TUESDAY – I took 17, 578 steps! I ran six miles and did day two of decorating. I also decorated the exterior of the house. SO TIRED!
WEDNESDAY – I took 10, 211 steps. I took the ropes/boot camp class that always kicks my butt. And I finished up decorating and then cleaned my house from top to bottom. I also made a recipe and photographed it.
THURSDAY – I only got 7592 steps in because I had to do a lot of work on the computer and I went to Chicago to watch Hooper. It was Alex’s long day of classes and the Hoop-Loop needed to relieve herself and get some snuggle time.
Total steps – 35,381
Average steps – 11,793
What I Ate Wednesday
As usual, I started the day with a glass of lemon water and a cup of coffee. I had a spinach, blueberry, pineapple, hemp seed smoothie before my boot camp class, then a bowl of oatmeal with pecans, applesauce, and cinnamon after.
Mid-Morning Snack :
A big juicy pear.
I made this delicious 7 ingredient 30 minute vegetable soup for the blog so I had a big bowl for lunch. I ate a handful of cashews and a bowl of baby pickles for a snack.
I had two bowls of soup and a piece of whole grain bread.
Well if that isn’t a provocative title I don’t know what is. It certainly made me click on the link to read Ms. Young’s story. Now for my opinion.
There is no right or wrong time to go vegan, but I somewhat disagree with Young’s advice on going vegan during the holiday season. In my opinion, that would be the most difficult time to go vegan. To be fair, she does say that going vegan during the holiday season will be tough, but I think that’s an understatement.
The holiday season is rife with temptations. Cookies and baked goods made with butter, eggs, and milk. Appetizers loaded with cheese and meat. Alcohol that will remove your inhibitions, make those foods look all the more tantalizing, and convince you to listen to the naysayers who don’t want you to change your lifestyle. In my humble opinion, going vegan during the holidays is a sure fire way to set you up for failure.
That’s not to say that you shouldn’t try to go vegan if you’re feeling a calling. You should. You absolutely should. Just be prepared for the immense amount of backlash that you’ll get from your friends and family. They won’t like it. I’ve been there and I know.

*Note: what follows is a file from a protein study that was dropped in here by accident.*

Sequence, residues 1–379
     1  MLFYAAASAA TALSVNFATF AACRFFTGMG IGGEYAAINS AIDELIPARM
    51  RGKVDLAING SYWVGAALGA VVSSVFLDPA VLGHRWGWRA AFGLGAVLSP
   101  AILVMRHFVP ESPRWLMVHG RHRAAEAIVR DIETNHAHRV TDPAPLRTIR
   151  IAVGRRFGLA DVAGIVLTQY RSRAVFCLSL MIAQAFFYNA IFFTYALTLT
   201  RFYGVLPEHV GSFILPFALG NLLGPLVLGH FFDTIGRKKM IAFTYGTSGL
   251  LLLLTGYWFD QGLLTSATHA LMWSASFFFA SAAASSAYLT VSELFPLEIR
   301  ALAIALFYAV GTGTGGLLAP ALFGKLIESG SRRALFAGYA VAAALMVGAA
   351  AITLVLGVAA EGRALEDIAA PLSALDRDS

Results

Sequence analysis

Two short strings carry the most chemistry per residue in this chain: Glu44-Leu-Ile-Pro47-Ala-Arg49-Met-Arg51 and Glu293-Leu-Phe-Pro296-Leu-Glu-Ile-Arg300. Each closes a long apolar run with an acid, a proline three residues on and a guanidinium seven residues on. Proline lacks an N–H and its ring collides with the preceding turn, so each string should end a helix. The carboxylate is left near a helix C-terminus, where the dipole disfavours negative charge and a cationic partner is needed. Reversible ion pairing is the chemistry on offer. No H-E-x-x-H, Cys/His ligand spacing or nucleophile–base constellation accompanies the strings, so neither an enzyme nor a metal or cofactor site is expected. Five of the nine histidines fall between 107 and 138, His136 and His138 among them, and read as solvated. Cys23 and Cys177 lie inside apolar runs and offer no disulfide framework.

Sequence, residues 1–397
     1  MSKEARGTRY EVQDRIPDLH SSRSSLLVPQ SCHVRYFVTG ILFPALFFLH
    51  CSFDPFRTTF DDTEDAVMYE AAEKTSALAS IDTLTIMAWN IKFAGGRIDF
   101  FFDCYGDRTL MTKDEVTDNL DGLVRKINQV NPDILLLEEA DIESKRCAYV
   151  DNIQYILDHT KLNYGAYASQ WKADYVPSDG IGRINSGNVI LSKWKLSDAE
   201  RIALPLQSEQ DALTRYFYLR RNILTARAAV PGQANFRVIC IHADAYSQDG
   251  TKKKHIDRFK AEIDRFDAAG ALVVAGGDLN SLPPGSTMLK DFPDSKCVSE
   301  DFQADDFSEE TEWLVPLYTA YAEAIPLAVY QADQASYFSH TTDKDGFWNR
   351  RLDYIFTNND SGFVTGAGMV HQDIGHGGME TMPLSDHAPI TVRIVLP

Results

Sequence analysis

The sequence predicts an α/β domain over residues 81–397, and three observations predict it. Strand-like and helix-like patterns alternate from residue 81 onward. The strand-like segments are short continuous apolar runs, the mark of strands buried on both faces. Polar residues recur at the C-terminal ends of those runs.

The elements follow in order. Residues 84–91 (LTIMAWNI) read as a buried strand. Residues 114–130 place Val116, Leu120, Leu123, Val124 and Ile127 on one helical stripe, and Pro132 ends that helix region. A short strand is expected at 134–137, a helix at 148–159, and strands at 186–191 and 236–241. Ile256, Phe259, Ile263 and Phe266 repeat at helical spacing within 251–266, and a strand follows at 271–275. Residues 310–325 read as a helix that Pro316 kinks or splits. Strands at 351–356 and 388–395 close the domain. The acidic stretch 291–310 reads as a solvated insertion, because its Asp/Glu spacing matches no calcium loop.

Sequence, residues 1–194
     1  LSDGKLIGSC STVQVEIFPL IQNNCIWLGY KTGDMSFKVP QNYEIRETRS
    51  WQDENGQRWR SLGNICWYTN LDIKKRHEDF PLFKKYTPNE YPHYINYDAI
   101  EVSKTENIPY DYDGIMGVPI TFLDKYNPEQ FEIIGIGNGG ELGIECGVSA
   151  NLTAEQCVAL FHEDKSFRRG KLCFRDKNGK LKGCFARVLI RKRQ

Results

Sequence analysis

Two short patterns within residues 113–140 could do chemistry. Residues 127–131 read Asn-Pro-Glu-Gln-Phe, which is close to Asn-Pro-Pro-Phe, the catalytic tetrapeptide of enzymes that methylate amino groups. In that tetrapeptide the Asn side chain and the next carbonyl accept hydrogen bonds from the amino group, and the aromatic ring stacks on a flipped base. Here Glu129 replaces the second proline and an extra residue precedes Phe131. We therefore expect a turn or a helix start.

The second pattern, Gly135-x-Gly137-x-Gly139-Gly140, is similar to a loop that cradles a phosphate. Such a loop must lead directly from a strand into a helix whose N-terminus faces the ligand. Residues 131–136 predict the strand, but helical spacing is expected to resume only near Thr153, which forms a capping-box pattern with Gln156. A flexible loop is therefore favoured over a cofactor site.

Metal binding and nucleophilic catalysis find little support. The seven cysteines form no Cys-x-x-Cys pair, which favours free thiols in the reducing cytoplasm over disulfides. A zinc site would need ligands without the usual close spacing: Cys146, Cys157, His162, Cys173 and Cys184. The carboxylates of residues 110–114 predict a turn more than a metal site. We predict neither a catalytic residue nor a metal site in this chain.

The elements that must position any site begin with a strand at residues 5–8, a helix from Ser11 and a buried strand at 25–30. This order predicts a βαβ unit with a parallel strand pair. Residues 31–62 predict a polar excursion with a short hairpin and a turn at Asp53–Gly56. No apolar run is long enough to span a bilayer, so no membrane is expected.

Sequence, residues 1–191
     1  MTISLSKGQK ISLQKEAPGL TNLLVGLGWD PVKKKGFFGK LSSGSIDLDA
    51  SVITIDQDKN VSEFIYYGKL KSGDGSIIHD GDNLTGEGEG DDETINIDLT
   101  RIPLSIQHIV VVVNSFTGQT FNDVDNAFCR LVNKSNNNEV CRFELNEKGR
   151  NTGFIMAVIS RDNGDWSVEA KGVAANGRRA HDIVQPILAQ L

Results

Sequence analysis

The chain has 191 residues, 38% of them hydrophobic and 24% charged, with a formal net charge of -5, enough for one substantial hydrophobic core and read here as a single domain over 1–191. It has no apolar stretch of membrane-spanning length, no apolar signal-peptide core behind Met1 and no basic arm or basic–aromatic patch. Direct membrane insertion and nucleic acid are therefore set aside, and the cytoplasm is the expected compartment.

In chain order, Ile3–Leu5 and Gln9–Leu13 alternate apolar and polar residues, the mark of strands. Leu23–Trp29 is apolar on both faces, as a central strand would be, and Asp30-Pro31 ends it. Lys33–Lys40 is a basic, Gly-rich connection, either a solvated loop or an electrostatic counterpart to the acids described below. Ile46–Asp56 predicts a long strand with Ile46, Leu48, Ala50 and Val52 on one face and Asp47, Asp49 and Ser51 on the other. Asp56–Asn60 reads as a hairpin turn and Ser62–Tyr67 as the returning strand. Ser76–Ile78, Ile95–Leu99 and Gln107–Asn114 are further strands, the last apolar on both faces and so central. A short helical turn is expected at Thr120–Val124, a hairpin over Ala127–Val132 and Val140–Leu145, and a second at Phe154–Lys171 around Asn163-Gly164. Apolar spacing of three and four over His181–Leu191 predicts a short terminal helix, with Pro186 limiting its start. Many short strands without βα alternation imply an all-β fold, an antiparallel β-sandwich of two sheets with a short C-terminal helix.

You’ll also need to dial your willpower up to full throttle. The holidays are known for being a time of gluttony when it comes to food. That’s why January first is the day of resolutions, and the number one resolution is fitness and health.
However, a vegan lifestyle isn’t only about fitness and health, it’s about ethics and morals. If you’re going vegan for health reasons it will be more difficult because the only skin in the game will be your own. That’s why only 8% of people achieve their New Year’s resolutions. If you’re going to go vegan because of the animals and/or the environment then you’ll have something bigger than yourself to do it for, and that can make it so much easier to stick with it.
December is a month of reflection and prayer for many faiths, so it would seem like it would be a great time to start a vegan lifestyle. Who wouldn’t want to start living a cruelty-free life during the holidays? If you have the willpower to give up dairy and meat during the biggest food season of the year, and you have the heart to ignore those who will try and sabotage your new lifestyle, then go for it. Don’t wait another second. But if you slip up, if you “fail,” don’t think that you weren’t cut out for the vegan life. You can do it. You just might need to restart your lifestyle when the rest of the world is rebooting too.
Have a wonderful weekend everyone and thanks for reading my thought for the week. Peace.
What do you think about going vegan in December?
Are you good at sticking to your New Year’s resolutions?
Do you own a Fitbit yet?